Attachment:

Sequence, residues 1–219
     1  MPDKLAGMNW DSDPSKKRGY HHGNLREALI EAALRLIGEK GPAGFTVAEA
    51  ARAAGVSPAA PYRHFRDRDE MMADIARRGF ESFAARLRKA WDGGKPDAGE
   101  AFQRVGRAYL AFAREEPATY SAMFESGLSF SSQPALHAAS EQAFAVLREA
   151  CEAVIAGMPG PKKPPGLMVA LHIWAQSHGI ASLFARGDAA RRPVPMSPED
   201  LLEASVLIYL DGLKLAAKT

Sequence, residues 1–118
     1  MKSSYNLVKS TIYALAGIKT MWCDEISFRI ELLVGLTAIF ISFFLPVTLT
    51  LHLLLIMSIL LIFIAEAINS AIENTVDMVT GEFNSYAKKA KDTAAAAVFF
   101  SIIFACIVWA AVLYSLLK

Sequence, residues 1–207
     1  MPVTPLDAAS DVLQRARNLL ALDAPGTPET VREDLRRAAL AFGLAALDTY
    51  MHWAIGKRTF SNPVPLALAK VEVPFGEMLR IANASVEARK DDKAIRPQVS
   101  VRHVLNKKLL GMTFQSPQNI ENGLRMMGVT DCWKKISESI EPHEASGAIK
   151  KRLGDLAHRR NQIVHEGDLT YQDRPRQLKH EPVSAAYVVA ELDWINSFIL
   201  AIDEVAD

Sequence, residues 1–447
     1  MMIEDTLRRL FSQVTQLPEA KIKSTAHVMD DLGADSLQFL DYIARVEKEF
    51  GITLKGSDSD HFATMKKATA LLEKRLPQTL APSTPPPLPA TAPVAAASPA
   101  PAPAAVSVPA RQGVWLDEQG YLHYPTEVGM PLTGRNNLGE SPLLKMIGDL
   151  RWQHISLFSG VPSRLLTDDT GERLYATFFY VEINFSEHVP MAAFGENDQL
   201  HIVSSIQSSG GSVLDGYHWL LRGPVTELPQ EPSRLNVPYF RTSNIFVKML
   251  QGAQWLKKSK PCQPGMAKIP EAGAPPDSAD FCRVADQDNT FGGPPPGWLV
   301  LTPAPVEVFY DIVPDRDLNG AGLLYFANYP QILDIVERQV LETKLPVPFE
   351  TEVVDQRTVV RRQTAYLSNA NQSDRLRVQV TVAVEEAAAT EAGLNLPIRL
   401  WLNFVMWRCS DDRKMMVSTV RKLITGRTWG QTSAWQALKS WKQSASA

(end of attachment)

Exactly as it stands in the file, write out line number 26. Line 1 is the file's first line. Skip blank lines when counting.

   401  WLNFVMWRCS DDRKMMVSTV RKLITGRTWG QTSAWQALKS WKQSASA